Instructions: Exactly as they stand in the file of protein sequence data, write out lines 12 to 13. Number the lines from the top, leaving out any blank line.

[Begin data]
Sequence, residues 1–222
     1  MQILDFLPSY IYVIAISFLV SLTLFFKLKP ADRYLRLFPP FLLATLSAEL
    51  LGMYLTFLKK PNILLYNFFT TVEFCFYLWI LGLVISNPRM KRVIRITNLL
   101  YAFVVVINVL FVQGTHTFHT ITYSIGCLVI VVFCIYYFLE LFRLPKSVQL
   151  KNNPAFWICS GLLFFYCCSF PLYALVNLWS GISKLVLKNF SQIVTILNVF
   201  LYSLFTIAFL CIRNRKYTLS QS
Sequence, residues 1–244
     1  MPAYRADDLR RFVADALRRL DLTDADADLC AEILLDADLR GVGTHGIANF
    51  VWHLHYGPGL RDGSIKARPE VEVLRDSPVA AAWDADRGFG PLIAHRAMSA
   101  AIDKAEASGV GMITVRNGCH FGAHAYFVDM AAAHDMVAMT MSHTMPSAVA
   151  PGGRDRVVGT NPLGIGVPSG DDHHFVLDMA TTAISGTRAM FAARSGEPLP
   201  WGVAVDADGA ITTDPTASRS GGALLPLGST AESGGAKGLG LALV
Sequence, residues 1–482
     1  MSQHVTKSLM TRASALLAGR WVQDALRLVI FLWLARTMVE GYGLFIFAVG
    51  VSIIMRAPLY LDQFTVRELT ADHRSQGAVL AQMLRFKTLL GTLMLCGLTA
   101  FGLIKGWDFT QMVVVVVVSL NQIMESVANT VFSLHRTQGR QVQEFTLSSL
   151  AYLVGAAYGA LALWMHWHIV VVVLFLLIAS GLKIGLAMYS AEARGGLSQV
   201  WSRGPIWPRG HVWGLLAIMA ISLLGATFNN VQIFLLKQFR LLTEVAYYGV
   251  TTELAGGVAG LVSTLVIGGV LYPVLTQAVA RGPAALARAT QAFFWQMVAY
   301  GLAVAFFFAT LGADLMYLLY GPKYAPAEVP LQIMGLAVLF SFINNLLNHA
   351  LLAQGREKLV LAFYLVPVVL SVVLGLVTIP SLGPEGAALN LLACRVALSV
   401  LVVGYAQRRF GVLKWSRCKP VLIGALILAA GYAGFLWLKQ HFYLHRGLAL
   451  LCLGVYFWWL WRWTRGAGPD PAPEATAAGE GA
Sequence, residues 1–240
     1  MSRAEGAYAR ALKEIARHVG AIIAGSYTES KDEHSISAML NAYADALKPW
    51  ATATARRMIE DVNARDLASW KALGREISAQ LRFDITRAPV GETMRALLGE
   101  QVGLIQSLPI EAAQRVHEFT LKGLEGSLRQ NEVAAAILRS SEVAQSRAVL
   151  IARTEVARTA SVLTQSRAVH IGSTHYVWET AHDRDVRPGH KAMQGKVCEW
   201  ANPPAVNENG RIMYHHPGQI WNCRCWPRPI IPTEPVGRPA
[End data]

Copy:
   201  WGVAVDADGA ITTDPTASRS GGALLPLGST AESGGAKGLG LALV
Sequence, residues 1–482